What is a register?
The CPU has to work with some memory, otherwise not much can be achieved. However, external memory is rather slow to access (as we'll see later), thus, the CPU has a tiny amount of memory embedded within it. Tiny as in, a handful of bytes. This memory is split in units called registers.
The GBz80 has eight registers:
l (plus some others we'll discuss later). The odd ordering I might have given isn't random, it'll be explained below.
All of these registers are 1 byte, which, if you remember, means they can hold each an integer between either 0 and 255, or -128 and 127. Also, all of them besides
f are "general-purpose", meaning they can roughly be freely swapped (we'll see that
a is a bit special).
f, on the other hand, cannot be used at all directly (except in one case explained much later).
f will be discussed more in the Flags lesson.
Our first instruction:
Here comes our first ASM instruction! Get hyped for
ld! Like all ASM instructions,
ld stands for something else: in this case, it's LoaD.
ld loads a value into a register. Here's the syntax:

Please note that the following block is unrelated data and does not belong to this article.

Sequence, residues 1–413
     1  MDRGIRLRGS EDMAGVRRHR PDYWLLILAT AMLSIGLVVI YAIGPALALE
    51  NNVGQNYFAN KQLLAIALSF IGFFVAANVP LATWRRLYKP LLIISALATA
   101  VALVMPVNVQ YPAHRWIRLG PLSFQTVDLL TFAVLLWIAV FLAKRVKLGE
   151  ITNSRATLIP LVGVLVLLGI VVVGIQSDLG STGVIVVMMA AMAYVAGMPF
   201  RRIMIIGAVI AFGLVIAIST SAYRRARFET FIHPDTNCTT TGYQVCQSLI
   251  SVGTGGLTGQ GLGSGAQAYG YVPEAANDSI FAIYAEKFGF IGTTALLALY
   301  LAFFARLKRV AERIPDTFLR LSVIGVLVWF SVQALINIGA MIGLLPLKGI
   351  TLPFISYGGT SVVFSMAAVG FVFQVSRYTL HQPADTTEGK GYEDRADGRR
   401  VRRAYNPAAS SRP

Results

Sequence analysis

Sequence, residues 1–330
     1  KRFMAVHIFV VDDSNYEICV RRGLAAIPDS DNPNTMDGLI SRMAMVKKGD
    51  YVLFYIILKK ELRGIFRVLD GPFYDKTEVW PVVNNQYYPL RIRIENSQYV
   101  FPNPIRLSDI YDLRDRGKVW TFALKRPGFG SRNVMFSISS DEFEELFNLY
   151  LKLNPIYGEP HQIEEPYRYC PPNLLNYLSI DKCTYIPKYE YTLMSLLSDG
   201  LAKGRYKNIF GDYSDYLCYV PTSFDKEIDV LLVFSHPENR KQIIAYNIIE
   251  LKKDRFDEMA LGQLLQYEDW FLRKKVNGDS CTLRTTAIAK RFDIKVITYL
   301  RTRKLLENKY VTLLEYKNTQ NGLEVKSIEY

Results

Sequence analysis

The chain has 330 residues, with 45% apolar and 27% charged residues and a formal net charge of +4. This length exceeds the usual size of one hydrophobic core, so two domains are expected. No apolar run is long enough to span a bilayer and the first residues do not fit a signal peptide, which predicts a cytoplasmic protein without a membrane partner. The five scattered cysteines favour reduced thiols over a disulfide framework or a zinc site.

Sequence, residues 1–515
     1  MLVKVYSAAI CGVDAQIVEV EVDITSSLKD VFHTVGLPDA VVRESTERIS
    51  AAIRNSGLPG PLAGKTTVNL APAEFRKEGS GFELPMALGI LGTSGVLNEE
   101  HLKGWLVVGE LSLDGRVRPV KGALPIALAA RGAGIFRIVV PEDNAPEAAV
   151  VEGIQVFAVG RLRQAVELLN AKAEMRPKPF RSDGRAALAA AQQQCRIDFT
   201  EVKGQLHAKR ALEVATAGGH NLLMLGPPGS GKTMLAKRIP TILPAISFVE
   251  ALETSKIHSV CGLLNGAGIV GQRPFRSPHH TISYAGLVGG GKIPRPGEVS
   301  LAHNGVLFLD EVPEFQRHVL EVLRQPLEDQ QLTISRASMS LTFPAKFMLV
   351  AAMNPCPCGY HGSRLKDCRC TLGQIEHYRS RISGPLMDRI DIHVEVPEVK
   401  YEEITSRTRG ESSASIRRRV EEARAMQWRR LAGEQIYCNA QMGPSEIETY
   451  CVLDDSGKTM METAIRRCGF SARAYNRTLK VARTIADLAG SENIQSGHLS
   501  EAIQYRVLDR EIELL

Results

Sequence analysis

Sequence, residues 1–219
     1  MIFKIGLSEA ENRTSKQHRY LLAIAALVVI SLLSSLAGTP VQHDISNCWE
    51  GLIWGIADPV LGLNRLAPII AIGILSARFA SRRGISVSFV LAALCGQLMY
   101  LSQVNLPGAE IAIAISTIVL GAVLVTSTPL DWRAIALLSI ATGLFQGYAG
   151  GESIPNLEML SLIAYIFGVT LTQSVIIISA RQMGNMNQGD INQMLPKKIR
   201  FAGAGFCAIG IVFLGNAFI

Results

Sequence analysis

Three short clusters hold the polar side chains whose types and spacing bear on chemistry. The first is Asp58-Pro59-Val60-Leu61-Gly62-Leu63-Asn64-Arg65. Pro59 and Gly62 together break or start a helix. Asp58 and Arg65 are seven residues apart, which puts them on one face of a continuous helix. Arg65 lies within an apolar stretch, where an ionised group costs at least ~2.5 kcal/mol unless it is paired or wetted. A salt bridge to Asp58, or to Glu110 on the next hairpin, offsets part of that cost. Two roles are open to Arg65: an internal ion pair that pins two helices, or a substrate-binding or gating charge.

ld dest, source.
As described above,
f cannot be used as the source or destination. Other than that,
dest can be any register, and
source can be any register or an immediate value. An immediate value is simply a number that is provided directly.
ld l, a ; Copy the value in A into L. A's value is preserved. ld h, 0 ; Put 0 into H ("0" is an immediate value, here) ld c, $2A ; Put 42 into C ("$2A" is also an immediate)
While 7 registers is a nice amount, only being able to hold 8-bit numbers is kinda limiting. However, the GBz80 has a trick up its sleeves: these registers can be paired together to form 16-bit registers! Values are thus in range 0 - 65,535, or -32,768 - 32,767. Registers
c form register pair
a is paired with
f in exactly one case, which is specific enough that we will consider
a a standalone register.
When paired up, the individual registers can still be accessed. What's interesting is, the value held by the pair is simply a combination of the values held by each register.
ld hl, $1245 ld l, $34 ; HL = $1234 now ld c, $FE ld b, $CA ; BC = $CAFE now